When was the last time you added saffron to a dish? It turns out this infrequently used spice is well worth seeking out for its health benefits.
Saffron is the dried female stamens of the plant Crocus sativus, native to the Mediterranean. The stamens can only be harvested from the individual flowers by hand, and it takes up to 75,000 flowers to produce one pound of saffron.
It’s no wonder saffron is one of the most expensive spices in the world. Despite being difficult to obtain, saffron has been prized as a spice, medicine and dye for thousands of years. In fact, there are 50,000-year-old prehistoric depictions in Iran that contain saffron-based pigments.
Saffron is also nutritious, containing manganese, vitamin C, magnesium, potassium, vitamin B6 and iron.
This unique spice is linked to many different health benefits. These are some of the main findings.
A French study found an extract of saffron was able to help control snacking and improve weight loss in a group of mildly overweight, healthy women. The participants who ate a saffron extract for 8 weeks snacked less frequently and had a greater body weight reduction than those who didn’t.
The researchers felt the saffron extract creates a greater feeling of fullness when food is eaten, which leads to less of a compulsion to snack.
Saffron was shown to help with Alzheimer’s treatment in two Iranian studies. Both studies gave patients with mild to moderate Alzheimer’s disease 15 milligram capsules of saffron twice daily.
In the first study, those who took saffron for 16 weeks had significantly better cognitive function than those who did not. In the second study, the saffron patients were compared to those taking donepezil, a common drug used in Alzheimer’s treatment. After 22 weeks, researchers concluded saffron was equally as effective as the donepezil. And the saffron did not cause vomiting or other unpleasant side effects.
Researchers at the University of Guelph reviewed hundreds of studies on natural aphrodisiacs. They measured these against strict standards for psychological and physiological sexual enhancement to determine which substances were truly effective.
Only three items conclusively improved human sexual function:
- Ginseng (Panax ginseng)
- Vohimbine (a compound from vohimbe trees in West Africa)
Interestingly, wine and chocolate were not proven to be effective aphrodisiacs. You should try reaching for saffron instead when you’re looking for a pick-me-up.
Many clinical trials have shown saffron can be an effective treatment for mild to moderate depression, as well as major depressive disorder. A 2007 study found that even the petals of saffron had the same effect as the medication Prozac on patients with depression, with 25 percent of people going into remission.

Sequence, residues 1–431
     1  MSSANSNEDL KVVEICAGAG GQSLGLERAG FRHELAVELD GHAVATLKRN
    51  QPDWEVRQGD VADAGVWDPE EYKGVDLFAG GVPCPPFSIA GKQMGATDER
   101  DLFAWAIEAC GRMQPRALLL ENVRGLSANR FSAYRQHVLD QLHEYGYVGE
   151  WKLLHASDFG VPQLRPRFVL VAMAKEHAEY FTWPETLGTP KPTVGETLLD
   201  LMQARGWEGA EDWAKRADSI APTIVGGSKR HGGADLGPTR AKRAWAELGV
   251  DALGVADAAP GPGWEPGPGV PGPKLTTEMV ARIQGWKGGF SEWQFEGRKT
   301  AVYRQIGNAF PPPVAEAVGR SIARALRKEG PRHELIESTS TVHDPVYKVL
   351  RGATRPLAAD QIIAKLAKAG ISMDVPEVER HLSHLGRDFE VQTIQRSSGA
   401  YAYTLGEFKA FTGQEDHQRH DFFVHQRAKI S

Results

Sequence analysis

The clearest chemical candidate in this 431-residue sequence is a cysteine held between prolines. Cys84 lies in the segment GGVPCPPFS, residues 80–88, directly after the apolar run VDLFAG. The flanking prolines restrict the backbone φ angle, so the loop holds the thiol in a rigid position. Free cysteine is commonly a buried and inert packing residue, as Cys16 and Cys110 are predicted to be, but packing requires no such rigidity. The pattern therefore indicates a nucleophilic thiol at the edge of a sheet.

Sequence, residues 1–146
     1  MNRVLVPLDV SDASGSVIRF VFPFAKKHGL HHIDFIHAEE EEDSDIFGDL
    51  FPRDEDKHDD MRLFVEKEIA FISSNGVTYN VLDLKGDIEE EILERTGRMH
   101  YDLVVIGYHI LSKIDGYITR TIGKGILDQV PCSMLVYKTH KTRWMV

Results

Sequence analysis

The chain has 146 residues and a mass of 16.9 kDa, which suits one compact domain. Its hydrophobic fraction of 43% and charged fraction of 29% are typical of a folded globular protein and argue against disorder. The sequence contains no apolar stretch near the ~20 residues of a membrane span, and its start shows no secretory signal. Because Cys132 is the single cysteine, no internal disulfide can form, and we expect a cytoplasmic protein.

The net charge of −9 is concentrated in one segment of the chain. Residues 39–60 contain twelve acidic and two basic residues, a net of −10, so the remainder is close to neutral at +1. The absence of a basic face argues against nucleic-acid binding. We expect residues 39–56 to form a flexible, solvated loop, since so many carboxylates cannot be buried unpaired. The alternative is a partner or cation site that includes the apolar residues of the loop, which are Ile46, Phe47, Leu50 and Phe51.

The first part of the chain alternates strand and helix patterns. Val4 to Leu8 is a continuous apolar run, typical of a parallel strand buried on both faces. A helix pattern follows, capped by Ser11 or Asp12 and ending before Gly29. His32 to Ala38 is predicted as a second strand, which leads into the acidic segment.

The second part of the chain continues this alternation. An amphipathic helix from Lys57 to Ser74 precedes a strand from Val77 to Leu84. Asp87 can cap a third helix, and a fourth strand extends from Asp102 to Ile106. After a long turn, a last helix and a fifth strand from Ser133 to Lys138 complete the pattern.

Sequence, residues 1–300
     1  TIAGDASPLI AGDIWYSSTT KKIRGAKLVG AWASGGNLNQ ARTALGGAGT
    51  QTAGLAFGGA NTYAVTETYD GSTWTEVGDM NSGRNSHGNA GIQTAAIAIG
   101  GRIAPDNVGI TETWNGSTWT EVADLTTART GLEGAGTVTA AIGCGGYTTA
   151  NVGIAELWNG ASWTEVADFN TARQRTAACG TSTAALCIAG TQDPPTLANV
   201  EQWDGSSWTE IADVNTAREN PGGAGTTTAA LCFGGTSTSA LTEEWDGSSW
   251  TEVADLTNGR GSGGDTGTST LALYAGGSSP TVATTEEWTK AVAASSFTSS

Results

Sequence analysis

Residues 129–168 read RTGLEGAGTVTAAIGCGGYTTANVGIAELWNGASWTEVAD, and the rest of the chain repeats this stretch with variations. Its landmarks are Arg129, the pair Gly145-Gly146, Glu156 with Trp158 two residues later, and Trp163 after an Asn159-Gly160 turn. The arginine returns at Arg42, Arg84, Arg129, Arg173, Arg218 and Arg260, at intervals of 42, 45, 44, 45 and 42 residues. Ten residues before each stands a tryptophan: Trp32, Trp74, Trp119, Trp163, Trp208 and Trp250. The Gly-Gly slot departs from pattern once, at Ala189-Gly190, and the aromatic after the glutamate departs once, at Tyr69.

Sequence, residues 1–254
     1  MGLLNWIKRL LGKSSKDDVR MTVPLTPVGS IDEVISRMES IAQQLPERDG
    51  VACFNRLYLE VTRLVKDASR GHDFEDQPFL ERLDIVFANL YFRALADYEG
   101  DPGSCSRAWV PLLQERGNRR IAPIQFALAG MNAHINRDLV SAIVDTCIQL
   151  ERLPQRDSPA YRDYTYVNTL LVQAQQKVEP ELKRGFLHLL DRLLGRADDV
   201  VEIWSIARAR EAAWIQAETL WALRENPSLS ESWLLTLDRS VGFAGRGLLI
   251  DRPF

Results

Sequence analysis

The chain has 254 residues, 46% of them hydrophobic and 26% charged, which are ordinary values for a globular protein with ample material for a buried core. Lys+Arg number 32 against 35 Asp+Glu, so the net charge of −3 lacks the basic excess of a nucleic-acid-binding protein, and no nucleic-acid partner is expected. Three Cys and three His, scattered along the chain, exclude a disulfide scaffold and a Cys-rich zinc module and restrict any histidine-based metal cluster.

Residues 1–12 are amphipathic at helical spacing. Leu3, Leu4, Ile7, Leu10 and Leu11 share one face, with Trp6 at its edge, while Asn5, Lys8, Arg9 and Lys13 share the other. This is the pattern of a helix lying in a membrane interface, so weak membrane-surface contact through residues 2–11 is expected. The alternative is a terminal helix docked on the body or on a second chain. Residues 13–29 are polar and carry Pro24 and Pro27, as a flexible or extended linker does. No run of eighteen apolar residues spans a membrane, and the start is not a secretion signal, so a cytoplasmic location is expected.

Saffron has traditionally been used to treat various issues around menstruation, and research is now backing it up. Saffron supplements were found to significantly reduce the symptoms of premenstrual syndrome (PMS). This included an improvement in mood and behavior and a reduction in symptoms like cramps, tender breasts and food cravings.
Another study revealed that merely the smell of saffron was beneficial for PMS, dysmenorrhea (painful menstrual cramps) and irregular menstruation. Considering the cost of saffron, it’s significant that simply sniffing the herb may help treat menstrual issues.
Saffron has been shown to have a protective effect against heart attacks. After 8 days of receiving a saffron extract, rats were shown to have better oxidation in their heart tissue and the ability to handle biological stress compared to non-supplemented rats.
A Chinese study also found that a 10-day treatment with crocin, a compound in saffron, significantly reduced levels of harmful fats in the blood, including triglycerides and cholesterol. Crocin appears to block the absorption of these fats.
It’s been proven that saffron has significant cancer prevention properties, including the ability to fight free radicals and promote cell death in tumors. Evidence shows that saffron has the potential to be used in the treatment of gastric, colorectal, liver, pancreatic, prostate, breast, skin and lung cancers.
Suggestions for Using Saffron
You can find saffron as a powdered supplement capsule, a liquid extract or simply the spice itself.
When buying the spice, make sure you’re getting a genuine product. Many fake or adulterated saffron products are on the market. To tell if your saffron is the real deal, immerse a tiny piece in warm water or milk. If the liquid colors immediately, you have a fake on your hands. Authentic saffron takes about 10 to 15 minutes of soaking before it changes the color of the water.
If you choose to take saffron as a supplement, check with your doctor first to make sure it’s compatible with any current treatments.